Retailers will tell you they're not accurate. But should you believe them?
This post comes from Melinda Fulmer of MSN Money.
Scans of Black Friday ads are leaked to online deal sites weeks before retailers plan to publish them, often by printers and store employees.
Does that mean they are unreliable?
Retailers and some of their promotional partners would have you think so, because they don't want to put their prices out there too early -- for fear that rivals will undercut them or consumers will do more comparison shopping, deal site operators say.
Would you share your location for a free pair of jeans? FB and merchants believe many people will.
Facebook is joining the online deal world, adding mobile coupons to its new Places feature.
Places is a Facebook app that allows users to share their location with friends, similar to Foursquare and Gowalla. With the deals application, launched this week on iPhone, Facebook is adding tangible rewards.
A total of 23 national merchants, including Gap and 24 Hour Fitness, plus 20,000 smaller businesses, have signed on so far, Facebook says.
Hedge against increases expected next year in cotton apparel prices by shopping holiday sales. But for some items, it's best to wait.
Consumers itching for new jeans, pricey dress shirts or other cotton-heavy goods might want to pay especially close attention to this year's holiday sales.
Although the rising cost of cotton hasn't hit shoppers yet, clothing companies have said prices will start climbing as early as January.
Bad weather in cotton-producing regions of India and China, and flooding in Pakistan, resulted in poor harvests this season, driving cotton prices up nearly 80% since the summer.
So far, most clothing makers haven't passed that cost increase along to consumers. But in recent weeks, the parent companies of a variety of brands -- including retail chain Bon-Ton, Jones New York, Hanes, premium denim producer 7 For All Mankind, and outdoor clothing maker The North Face -- have said they expect to raise their prices by up to 10% in 2011.
Glut of flat-screen televisions on the market will mean lower prices and lots of deals for the holidays.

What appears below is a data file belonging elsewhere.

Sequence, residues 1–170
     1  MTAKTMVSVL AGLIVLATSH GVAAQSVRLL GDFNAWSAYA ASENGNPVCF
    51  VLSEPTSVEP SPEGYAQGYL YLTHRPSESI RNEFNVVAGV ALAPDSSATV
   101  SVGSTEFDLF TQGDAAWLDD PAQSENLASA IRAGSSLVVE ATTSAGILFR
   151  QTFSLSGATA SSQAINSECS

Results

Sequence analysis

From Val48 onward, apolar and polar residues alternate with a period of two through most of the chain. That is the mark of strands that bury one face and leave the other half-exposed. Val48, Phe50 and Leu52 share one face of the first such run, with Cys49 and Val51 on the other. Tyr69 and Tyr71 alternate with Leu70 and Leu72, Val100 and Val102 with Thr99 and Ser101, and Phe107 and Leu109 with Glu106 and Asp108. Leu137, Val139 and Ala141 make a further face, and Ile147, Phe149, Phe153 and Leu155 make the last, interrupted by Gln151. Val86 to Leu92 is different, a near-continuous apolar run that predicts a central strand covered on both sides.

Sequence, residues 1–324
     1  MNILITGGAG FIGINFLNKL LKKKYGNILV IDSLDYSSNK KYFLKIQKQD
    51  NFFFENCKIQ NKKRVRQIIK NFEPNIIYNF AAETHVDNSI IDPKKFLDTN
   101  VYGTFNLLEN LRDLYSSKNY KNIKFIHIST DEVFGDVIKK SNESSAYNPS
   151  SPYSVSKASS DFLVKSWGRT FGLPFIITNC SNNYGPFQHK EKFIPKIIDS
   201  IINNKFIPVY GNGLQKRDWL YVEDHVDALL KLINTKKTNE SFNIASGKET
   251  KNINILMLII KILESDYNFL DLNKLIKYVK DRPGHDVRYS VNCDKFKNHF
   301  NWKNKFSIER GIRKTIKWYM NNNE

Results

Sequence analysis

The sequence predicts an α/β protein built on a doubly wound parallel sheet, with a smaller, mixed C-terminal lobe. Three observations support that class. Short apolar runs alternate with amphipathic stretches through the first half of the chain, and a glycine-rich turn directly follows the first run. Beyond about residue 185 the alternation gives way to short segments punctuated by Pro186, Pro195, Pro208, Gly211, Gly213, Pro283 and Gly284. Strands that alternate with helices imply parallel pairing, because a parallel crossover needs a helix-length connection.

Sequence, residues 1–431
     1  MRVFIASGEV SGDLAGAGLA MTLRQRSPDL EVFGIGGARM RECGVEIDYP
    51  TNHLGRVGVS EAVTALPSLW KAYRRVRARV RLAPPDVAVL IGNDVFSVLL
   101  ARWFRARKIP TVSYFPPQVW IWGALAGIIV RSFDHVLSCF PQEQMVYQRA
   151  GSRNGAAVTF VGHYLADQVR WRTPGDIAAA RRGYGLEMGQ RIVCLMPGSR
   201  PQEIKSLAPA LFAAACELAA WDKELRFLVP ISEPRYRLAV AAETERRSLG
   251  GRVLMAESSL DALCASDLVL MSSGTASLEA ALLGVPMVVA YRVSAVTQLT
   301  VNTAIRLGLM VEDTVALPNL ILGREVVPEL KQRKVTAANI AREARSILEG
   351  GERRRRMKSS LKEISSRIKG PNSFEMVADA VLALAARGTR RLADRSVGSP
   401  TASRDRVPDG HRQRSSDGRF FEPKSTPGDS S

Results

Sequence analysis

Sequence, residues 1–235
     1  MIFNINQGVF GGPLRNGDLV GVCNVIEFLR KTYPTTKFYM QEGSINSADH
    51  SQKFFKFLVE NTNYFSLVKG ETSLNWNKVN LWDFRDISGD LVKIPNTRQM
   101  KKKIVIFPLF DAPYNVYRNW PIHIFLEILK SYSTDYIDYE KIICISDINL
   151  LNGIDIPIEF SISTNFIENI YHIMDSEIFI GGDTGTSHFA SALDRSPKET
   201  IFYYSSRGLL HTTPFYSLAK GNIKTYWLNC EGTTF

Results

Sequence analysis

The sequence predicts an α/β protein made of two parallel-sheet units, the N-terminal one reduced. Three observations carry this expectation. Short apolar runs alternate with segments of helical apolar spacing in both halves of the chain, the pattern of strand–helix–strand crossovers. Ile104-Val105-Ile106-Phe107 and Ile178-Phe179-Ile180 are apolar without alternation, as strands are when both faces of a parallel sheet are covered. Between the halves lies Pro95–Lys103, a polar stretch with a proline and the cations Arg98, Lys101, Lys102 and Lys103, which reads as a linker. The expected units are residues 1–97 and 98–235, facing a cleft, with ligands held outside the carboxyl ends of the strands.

If you've been thinking of buying a new TV, this may be the time.
Wal-Mart has fired the first shot in what is likely to be a TV price war this holiday season. Starting at 8 a.m. Saturday, Wal-Mart will cut the prices of its Vizio HDTVs to as low as $198 for a 26-inch LED to $898 for a 55-inch LCD model.
Expect other retailers to follow. In the next few months, we're likely to see lower prices on flat-screen TVs than we've ever seen before. The reason for the price cut is elementary: There is a glut of TVs on the market.
As the holiday travel season approaches, consider these suggestions for improving your chances of arriving on time.
These days, it's easier than ever to find out if your flight is delayed. Whether it's an iPhone app like Flightcaster or FlightTrack Pro, or the airlines' own websites or even the FAA's Air Traffic Control System Command Center, you never have to guess when you're going to get off the ground or get grounded.
But that knowledge doesn't ease the frustration of flight delays -- or the cost. The FAA and the University of California, Berkeley released a startling new survey that puts a dollar figure on those delays: $33 billion in 2007, the last year researchers could get complete data.
How can you best store perishable foods, and how long can you expect them to last?
The expiration dates on food products aren't always of much help. Often, they simply serve as guidelines to quality and not safety. If they're not properly understood, you may end up pouring grocery money down the drain. On average, we waste about 14% of the food we buy each year, totaling about $600 worth of groceries per person.
- Quick quiz: Take a fresh look at your credit score
We've compiled a list of refrigerated and frozen foods along with their shelf lives and storage methods. All dairy shelf lives refer to products that have already been opened and refrigerated.
There's no proven link between credit histories and insurance claims, and insurance scoring often can be random and unfair. It's time to limit the practice.
This post comes from MSN Money's Liz Pulliam Weston.
The fact that credit scores correlate with insurance claims is pretty well-established. People with bad credit cost insurers more, and people with good credit cost insurers less.
But anyone who pretends to know why that's true is blowing air up your skirt.
Because nobody knows why. There are plenty of theories, such as:
- People with good credit are more careful drivers or homeowners.
- People with bad credit are less likely to have money to pay claims out of pocket.
- People with bad credit are more likely to be impulsive/aggressive/bad at judging risk.
Russian crackdown has led to a dramatic drop, but expect it to be temporary.
Enjoy the drop in Viagra spam traffic while you can. (Don't claim you didn't notice.) It's expected to be somewhat brief, as others move in to fill a void authorities say was created by an investigation of Igor A. Gusev, Russia's reputed "spam king."
Viagra and other prescription drug spam reportedly dropped by 20% worldwide -- 50 billion e-mails a day -- when the Russian computer police got involved.
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